20Shoulder Care
AC Joint Injuries
Arthritis
Biceps Tendon Injuries
Calcific Tendinitis
Clavicle Fractures
Frozen Shoulder
Labral and SLAP Tears
Rotator Cuff Injuries
Shoulder Dislocation/Instability
Subacromial Impingement/Busitis
A-C Joint Stabilization
Biceps Tenodesis
Clavicle Fracture Fixation
Pectoralis Major Repair
Rotator Cuff Repair
Shoulder Instability Surgery – Bankart Repair
Shoulder Instability Surgery – Latarjet Procedure
Subacromial Decompression and Acromioplasty
Superior Capsular Reconstruction
Total Shoulder Replacement
28Knee Care
ACL Tear
Cartilage Injury
Lateral Meniscus Tear
LCL Injury
MCL Injury
Medial Meniscus Tear
Osteoarthritis
Patellar Instability
Patellofemoral Chondromalacia
Posterolateral Corner Injury
Trochlear Dysplasia
Anterior Cruciate Ligament (ACL) Reconstruction
Cartilage Restoration Surgery – Autologous Chondrocyte Implantation (ACI-Carticel)
Cartilage Restoration Surgery – Donor Graft
Collagen Meniscal Implant (CMI)
Lateral Collateral Ligament (LCL) Reconstruction
Medial Collateral Ligament (MCL) Reconstruction
Meniscus Repair
Meniscus Root Repair
Meniscal Transplant
Nanofracture
Osteochondral Allograft Transfer
Osteochondral Autograft Transfer (OATS)
Partial Meniscectomy
Posterior Cruciate Ligament (PCL) Reconstruction
Posterolateral Corner (PLC) Surgery
Tibial Tubercle Osteotomy
Trochleoplasty
17Hip Care
Cartilage Injury
Femoroacetabular Impingement (FAI)
Gluteal Tears
Hamstring Tears
Hip Instability
Labral Tears
Psoas Impingement (Internal Snapping Hip)
Trochanteric Bursitis
Acetabuloplasty
Chondroplasty
Femoroplasty
Gluteal Repair
Labral Debridement
Labral Repair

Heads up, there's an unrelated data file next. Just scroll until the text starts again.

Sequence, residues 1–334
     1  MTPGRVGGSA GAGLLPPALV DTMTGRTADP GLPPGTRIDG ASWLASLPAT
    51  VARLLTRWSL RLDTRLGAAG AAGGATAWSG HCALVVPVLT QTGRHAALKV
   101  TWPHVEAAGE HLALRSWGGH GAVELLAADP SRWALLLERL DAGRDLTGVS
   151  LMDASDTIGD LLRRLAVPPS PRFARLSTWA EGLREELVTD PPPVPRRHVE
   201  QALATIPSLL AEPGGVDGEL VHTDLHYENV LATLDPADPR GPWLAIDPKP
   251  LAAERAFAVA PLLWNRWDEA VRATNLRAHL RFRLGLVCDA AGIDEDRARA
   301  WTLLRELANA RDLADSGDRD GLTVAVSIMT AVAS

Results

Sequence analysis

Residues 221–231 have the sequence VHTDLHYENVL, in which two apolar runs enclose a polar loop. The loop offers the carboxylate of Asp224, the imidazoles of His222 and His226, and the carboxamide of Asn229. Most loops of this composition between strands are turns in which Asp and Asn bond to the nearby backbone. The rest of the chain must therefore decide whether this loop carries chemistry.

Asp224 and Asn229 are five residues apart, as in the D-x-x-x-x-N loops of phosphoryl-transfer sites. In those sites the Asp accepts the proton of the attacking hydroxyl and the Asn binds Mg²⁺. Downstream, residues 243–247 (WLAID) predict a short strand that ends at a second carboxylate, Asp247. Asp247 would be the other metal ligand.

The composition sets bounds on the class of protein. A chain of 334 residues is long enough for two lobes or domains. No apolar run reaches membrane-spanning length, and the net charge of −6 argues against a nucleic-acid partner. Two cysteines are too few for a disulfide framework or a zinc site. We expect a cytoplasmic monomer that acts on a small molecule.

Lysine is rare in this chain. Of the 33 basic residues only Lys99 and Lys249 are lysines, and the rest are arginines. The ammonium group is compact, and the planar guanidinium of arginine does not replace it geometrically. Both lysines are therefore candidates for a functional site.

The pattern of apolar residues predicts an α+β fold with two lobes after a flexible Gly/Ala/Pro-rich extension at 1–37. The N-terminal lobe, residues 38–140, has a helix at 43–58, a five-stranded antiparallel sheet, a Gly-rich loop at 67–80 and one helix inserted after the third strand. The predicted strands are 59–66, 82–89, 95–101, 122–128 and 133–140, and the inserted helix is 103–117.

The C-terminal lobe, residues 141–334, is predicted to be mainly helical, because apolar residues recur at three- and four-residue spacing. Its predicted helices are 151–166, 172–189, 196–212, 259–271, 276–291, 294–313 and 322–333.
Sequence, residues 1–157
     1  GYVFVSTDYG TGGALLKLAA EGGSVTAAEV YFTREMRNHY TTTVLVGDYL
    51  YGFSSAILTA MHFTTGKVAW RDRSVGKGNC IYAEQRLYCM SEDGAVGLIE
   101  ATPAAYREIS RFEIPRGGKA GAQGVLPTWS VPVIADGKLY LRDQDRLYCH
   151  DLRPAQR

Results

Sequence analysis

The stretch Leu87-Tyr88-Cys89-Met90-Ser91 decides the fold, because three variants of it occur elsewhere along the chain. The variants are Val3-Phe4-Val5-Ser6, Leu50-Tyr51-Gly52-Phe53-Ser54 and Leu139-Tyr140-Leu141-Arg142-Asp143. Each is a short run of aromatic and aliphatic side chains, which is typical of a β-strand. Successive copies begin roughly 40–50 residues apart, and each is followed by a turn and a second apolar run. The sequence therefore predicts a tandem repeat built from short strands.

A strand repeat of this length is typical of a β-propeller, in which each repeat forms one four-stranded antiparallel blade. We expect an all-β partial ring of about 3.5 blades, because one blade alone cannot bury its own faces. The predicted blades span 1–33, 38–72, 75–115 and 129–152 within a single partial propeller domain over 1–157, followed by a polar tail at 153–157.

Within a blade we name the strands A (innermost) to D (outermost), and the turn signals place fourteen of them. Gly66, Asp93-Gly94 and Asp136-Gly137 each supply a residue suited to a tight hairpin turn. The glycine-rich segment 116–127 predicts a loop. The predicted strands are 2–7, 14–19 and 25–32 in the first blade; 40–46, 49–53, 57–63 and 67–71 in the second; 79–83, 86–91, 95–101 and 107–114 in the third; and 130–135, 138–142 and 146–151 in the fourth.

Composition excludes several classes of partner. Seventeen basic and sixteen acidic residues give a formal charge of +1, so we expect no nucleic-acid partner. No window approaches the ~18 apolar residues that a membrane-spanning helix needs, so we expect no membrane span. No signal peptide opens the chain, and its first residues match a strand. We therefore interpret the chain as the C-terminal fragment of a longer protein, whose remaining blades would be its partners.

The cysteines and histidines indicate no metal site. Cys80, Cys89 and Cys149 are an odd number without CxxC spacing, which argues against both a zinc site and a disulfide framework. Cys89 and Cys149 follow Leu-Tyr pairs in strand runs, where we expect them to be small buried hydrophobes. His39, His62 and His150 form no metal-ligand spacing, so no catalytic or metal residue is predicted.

Labral Reconstruction
Nanofracture
Trochanteric Bursa Debridement
2Biologics
Bone Marrow Aspirate Stem Cell Concentrate (BMC)
Platelet-Rich Plasma “PRP”

CARTILAGE RESTORATION SURGERY – DONOR GRAFT

The ends of the femur, tibia, and undersurface of the patella (kneecap), the knee bones, are capped with a smooth surface called articular cartilage.  Cartilage protects the ends of bone; it can withstand a significant amount of impact and is significantly smoother than ice, which allows smooth motion in the knee joint. An articular cartilage injury (or “chondral” injury), may occur following a twisting injury to the knee, a direct blow to the knee, or wear and tear as a one ages. Some patients with cartilage injuries can be treated with a combination of activity modification and other non-surgical options, such as a focused physical therapy program. Other patients with persistent symptoms or larger defects may require surgery.

Surgical treatment options for isolated cartilage injuries include the use of donor cartilage to replace the damaged area of cartilage. Donor cartilage is cleaned and stored in a way that preserves the health of the donor cartilage cells. There are two techniques available to Dr. Keller. In one technique – the DeNovo technique – Dr. Keller matches the shape of the donor cartilage tissue to the area of damaged cartilage and then places the donor graft into the defect in the patient’s knee. Dr. Keller then seals the cartilage tissue with fibrin glue. In the second technique – the ProChondrix technique – Dr. Keller places a pre-shaped donor graft made of cartilage cells and natural scaffolding into the damaged area of cartilage in the knee. The donor graft is then sealed with fibrin glue. Following surgery, the healthy donor cartilage tissue matures over many months and replaces the area of damaged cartilage.

Post-Operative Rehabilitation

Following surgery, patients are placed in a hinged brace that is locked straight. Dr. Keller recommends no weight-bearing for 4-6 weeks in the brace. When the patient is sitting or lying down, Dr. Keller encourages knee range of motion exercises with the brace removed. Dr. Keller also recommends intermittent icing and straight leg raise exercises to strengthen the quadriceps muscles. Dr. Keller recommends starting physical therapy two weeks after surgery. Physical therapy focuses on reducing swelling in the knee, restoring full range of motion, and eventually, restoring strength to the knee. Most patients can start full weight bearing on the affected leg 6-12 weeks after surgery, depending on the location of the defect. Most patients start cutting activities and sporting activity approximately 4-6 months after surgery.